A New Decade of ME Research: The 11th Invest in ME International ME Conference 2016
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Bedbound Sufferers and DVTs

Discussion in 'General ME/CFS Discussion' started by Silence, Nov 15, 2016.

  1. Silence


    Northern CA
    I am currently in a very bad crash and have been in bed for months and was thinking to myself- am I at an increased risk for blood clots or DVTs? Why do people who are on planes get DVTs, They are only on a plane for a few hours to many hrs. This also reminds me of when i was in the hospital getting surgery and was completely bed bound and they had to put a compression machine on my legs pronto- i was in the hospital for 2 weeks. But Ive been in bed for months before and currently, and no sign watsoever of DVTs.

    Should i ask my doctor for a machine or stockings?
    taniaaust1 likes this.
  2. Sandman00747

    Sandman00747 Senior Member

    United States, Kansas
    I would ask your doctor for compression stockings at least. People who get DVT's on planes usually get them right at the side or behind the knees. That often occurs from leaving the legs at the same bent angle for too long plus an unknown susceptibility. Risk factors that I know of are smoking, pregnancy, age, but mostly sitting for long periods in the same position. People who know they have a susceptibility to DVT's should at least take a baby aspirin every day. Many who have a known susceptibility often take low molecular weight heparin when they travel. But I would at least ask your doctor about compression stockings and/or taking a baby aspirin daily. And, even if your bedbound try to move your legs around as much as possible.
    Silence likes this.
  3. PennyIA

    PennyIA Senior Member

    Yes, I'm high risk for DVTs and the plane involves small space where you can't really get up and wiggle or move around very much as well as the change in pressure with the take off and landing can cause clots. As can being in a car for a long road trip, or being bed bound (though surgery prior to being bed bound can make it a higher risk).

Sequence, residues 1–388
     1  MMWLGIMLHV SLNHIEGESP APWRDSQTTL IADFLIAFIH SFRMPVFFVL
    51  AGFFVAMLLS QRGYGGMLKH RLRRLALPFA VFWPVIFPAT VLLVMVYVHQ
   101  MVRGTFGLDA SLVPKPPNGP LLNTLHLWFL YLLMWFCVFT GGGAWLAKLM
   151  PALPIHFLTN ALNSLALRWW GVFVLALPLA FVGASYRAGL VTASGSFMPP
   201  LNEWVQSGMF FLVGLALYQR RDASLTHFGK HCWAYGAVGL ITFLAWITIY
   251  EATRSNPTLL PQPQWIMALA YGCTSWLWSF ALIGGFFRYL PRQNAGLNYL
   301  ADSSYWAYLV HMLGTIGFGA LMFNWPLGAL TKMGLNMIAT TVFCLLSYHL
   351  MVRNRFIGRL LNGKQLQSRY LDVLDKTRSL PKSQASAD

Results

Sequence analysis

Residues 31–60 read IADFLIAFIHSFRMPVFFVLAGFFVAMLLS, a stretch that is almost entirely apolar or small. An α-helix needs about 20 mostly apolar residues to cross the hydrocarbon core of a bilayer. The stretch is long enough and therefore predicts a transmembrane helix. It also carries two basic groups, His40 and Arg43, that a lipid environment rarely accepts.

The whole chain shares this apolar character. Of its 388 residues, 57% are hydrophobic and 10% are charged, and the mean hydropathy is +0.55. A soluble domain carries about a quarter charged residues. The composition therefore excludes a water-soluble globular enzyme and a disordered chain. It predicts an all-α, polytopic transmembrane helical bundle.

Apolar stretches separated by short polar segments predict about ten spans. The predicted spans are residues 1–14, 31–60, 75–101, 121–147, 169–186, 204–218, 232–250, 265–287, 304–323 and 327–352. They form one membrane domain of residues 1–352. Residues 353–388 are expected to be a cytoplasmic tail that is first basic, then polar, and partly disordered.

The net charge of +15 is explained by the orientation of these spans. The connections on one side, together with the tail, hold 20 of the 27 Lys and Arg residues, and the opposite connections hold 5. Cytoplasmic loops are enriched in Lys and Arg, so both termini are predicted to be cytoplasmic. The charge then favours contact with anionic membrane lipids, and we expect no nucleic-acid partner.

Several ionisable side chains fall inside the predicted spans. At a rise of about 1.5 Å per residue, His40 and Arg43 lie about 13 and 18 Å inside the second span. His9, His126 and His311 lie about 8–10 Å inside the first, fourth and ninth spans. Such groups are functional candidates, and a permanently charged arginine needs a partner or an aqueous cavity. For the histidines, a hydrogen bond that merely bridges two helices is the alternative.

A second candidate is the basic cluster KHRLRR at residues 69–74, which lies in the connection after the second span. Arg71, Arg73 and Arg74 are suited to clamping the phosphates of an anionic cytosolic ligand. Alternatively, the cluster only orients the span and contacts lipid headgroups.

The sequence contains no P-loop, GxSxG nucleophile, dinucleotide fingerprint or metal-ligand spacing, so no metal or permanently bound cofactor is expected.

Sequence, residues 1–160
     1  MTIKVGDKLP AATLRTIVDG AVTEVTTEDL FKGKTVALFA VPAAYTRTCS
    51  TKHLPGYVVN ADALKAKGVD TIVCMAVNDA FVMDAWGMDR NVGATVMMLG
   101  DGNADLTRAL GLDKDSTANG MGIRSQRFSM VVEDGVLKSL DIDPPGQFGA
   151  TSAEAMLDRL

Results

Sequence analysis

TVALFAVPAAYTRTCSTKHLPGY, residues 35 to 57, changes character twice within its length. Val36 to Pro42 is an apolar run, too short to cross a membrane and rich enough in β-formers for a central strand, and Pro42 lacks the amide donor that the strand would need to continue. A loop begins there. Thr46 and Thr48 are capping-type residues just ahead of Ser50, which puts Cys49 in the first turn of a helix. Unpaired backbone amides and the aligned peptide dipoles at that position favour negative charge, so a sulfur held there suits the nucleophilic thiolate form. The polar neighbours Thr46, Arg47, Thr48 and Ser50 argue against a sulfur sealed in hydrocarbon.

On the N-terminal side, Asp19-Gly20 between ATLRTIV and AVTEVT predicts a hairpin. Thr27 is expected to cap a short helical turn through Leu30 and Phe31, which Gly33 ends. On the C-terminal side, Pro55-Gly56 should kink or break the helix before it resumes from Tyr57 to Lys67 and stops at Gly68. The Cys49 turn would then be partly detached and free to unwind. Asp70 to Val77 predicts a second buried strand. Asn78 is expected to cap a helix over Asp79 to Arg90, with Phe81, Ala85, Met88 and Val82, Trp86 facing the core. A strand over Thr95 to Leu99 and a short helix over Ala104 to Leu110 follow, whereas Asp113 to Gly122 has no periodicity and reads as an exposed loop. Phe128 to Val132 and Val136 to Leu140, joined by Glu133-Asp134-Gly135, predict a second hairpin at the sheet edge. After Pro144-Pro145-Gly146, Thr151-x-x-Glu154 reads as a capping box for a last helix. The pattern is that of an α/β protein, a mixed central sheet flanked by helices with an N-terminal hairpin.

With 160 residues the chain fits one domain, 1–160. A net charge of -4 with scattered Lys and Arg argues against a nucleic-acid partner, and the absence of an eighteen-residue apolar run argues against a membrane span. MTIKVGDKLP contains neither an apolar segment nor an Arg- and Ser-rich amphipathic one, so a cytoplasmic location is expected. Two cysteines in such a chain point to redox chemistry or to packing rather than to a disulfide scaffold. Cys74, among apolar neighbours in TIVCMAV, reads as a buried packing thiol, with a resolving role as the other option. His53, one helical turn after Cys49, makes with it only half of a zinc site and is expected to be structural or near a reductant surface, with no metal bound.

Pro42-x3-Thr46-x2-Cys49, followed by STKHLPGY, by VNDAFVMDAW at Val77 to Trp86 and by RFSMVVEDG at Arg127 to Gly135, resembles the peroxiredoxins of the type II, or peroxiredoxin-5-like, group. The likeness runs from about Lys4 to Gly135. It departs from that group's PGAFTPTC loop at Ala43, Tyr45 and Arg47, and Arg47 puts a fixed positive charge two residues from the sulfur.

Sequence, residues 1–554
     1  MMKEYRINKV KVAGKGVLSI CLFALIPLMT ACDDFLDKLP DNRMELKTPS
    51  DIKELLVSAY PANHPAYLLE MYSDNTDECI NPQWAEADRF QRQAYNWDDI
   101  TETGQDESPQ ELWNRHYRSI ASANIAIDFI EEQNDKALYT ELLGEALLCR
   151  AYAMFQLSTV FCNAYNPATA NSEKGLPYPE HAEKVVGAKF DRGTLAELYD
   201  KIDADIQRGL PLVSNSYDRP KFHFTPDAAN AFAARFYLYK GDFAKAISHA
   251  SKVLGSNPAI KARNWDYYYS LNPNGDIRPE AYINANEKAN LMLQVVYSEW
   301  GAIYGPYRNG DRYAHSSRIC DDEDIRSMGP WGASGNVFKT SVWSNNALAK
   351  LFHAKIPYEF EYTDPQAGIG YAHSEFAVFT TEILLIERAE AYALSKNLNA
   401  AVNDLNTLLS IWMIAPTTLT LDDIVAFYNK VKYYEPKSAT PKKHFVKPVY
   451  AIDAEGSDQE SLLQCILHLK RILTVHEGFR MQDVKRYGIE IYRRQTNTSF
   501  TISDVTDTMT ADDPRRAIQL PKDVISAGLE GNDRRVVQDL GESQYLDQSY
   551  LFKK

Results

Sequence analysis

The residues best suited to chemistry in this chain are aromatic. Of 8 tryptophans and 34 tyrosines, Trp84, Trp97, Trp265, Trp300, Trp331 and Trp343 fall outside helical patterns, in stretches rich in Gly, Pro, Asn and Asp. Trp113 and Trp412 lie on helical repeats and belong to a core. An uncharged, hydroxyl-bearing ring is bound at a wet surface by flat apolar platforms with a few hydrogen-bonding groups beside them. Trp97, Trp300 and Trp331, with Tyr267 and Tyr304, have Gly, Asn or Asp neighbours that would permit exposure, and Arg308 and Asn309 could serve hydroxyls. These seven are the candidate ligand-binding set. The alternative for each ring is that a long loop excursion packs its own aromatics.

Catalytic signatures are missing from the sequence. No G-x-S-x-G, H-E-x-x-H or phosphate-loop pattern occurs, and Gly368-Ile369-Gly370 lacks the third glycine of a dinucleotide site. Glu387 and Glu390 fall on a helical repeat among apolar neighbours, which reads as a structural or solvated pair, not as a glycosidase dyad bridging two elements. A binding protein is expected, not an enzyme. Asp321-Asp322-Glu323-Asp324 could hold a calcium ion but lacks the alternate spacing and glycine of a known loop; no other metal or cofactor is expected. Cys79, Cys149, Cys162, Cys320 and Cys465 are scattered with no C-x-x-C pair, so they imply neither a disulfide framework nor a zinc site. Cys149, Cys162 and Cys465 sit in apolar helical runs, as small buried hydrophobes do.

If you are able, big if with me/cfs... trying to remember to move your legs or flex your feet can also help... as can elevating your legs. Keeping hydrated is important as well. When I go on flights or long car rides I drink extra water which requires frequent rest stop needs, which helps with encouraging me to move.

    If severe me/cfs patients were taken as seriously as they should be, the medical profession would want you to have those booties at home and recommend you wear them periodically (they rent them out and in fact, some people get them after knee/leg/hip surgery).

    FWIW, some clotting risk factors are genetic, and quite common... so if you have a family history of clotting and are truly bed bound, you'll want to take it quite seriously. Prevention is about 1000 times better than reacting after you get one.
    Silence likes this.
  4. Sushi

    Sushi Moderation Resource Albuquerque

  5. Cinders66

    Cinders66 Senior Member

    I'm in the long term bedridden group. I have only heard of 1 individual in the U.K. Commiunity with blood clots. I too have been given support stockings in hospital but no ones ever mentioned it for me at home, nor have I seen it in the small amount of literature I've read on severe ME. The book by the late Great Emily Collingidge on living with severe ME might discuss this, it's a severe ME bible anyway . I would discuss with your dr for expert opinion if you're worried but they aren't the nicest things either to wear or put on take off. If you're still getting up and walking a bit (I don't) that's a help
    Silence likes this.

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